Middleburg Film Festival 2023 Wrap – Nell Minow reports

The highlight of the Middleburg Film Festival every year is not a movie. It is the annual tribute to a film composer, with the Loudoun Symphony’s full orchestra playing the music. Festival founder Sheila Johnson was a music major in college, and she always reminds attendees of the vital importance of a score in guiding the emotions of the film audience. This year’s awardee, Michael Giacchino, attracted such an enthusiastic crowd that the staff of the festival had to rush to bring in several more rows of chairs.

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DC/DOX 2023: Wrap of the Inaugural Festival – Nell Minow reports

When the Washington DC-based AFI Docs festival was merged with the LA festival, PR Collaborative’s Jamie Shor and Sky Sitney, director of the film and media studies program at Georgetown, created DC/Dox, which had its premiere festival from June 15 to 18, 2023. The first festival’s program included 31 features and 21 shorts from eight countries, screening in venues including the Edlavitch DC Jewish Community Center, the Martin Luther King Jr. Memorial Library, the National Archives’ William G. McGowan Theater, and the Smithsonian National Portrait Gallery.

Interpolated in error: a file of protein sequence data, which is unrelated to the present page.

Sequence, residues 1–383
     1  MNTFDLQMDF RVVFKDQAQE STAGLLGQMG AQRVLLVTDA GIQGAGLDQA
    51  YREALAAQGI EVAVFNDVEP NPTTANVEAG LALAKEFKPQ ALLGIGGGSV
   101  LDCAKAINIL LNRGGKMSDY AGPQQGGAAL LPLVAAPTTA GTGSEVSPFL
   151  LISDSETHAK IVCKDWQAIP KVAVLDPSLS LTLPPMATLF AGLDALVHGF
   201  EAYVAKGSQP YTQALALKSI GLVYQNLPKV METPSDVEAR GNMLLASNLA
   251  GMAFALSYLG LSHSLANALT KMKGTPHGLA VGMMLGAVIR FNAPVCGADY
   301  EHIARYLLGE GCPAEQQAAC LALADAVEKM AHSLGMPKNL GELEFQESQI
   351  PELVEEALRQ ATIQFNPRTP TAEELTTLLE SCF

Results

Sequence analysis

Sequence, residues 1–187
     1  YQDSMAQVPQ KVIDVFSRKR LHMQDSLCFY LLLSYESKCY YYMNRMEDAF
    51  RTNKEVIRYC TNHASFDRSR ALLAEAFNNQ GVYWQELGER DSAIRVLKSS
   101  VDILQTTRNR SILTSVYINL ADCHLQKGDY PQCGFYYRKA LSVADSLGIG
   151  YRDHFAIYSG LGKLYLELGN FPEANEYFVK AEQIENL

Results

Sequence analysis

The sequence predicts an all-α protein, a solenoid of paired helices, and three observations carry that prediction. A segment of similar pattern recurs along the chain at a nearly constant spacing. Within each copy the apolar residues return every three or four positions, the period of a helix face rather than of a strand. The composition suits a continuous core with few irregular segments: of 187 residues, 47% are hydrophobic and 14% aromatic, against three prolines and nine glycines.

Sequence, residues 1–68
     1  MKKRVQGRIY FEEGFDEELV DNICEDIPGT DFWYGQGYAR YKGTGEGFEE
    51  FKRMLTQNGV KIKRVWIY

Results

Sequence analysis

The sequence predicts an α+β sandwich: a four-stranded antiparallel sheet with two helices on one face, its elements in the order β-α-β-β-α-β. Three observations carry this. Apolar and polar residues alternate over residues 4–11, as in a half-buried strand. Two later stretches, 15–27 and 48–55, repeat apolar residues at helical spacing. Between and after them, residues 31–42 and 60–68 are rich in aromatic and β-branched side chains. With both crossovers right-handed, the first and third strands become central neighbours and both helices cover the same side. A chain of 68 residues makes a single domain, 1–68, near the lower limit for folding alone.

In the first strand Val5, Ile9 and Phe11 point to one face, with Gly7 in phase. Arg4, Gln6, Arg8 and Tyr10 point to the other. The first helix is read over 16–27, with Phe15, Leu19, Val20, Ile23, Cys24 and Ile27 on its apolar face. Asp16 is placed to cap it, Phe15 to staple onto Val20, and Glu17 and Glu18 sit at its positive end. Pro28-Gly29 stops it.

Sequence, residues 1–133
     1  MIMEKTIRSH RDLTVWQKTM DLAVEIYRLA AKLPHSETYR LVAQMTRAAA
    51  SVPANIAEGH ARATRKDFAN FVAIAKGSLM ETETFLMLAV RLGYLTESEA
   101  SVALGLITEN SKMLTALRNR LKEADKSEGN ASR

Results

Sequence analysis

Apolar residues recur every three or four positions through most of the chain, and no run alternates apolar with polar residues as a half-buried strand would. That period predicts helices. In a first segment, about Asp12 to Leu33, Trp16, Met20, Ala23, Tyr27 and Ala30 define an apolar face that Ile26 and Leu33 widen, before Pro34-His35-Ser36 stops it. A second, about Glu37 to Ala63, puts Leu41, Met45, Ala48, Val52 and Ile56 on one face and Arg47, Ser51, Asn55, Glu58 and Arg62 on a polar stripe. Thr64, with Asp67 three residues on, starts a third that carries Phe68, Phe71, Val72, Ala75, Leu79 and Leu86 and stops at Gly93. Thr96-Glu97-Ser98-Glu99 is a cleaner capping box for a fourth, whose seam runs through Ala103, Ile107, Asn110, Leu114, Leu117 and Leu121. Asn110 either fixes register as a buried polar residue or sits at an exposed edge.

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The 7th Nitrate Picture Show – Diane Carson reports

The George Eastman Museum’s Nitrate Picture Show justifiably boasts of a unique, defining characteristic that differentiates it from other prestigious film festivals. All twelve programs screen on nitrate film, either technicolor or black and white, borrowed from archives worldwide. This first weekend of June, the 7th Nitrate Picture Show did not disappoint, reminding me of the joy immersing oneself in the aesthetic pleasure of nitrate film, the film used before safety film stock became the norm in the 1950s.

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WEEK IN WOMEN: Kristen Stewart named Berlinale Jury President – Brandy McDonnell reports

Oscar-nominated American actor, screenwriter and director Kristen Stewart will serve as the president of the International Jury at the 73rd Berlin International Film Festival. Stewart first attended the Berlin International Film Festival in 2010 with Welcome to the Rileys. She has just completed production on Love Me, as well as on Love Lies Bleeding, and is currently working on her feature-length directorial debut, the adaptation of Lidia Yuknavitch’s The Chronology of Water.

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Assessing the Film Festival Scene – Pamela Powell comments

In 2020, after the Sundance Film Festival squeezed in its 12-day celebration and the U.S. recognized and reacted to the dangers of Covid-19, most festivals either cancelled or went the virtual route with limited success. For critics who attended these events, this new viewing format created a void and a distancing from filmmaking. With no true end to the pandemic in site, how will this effect the future of festivals and critics’ attendance?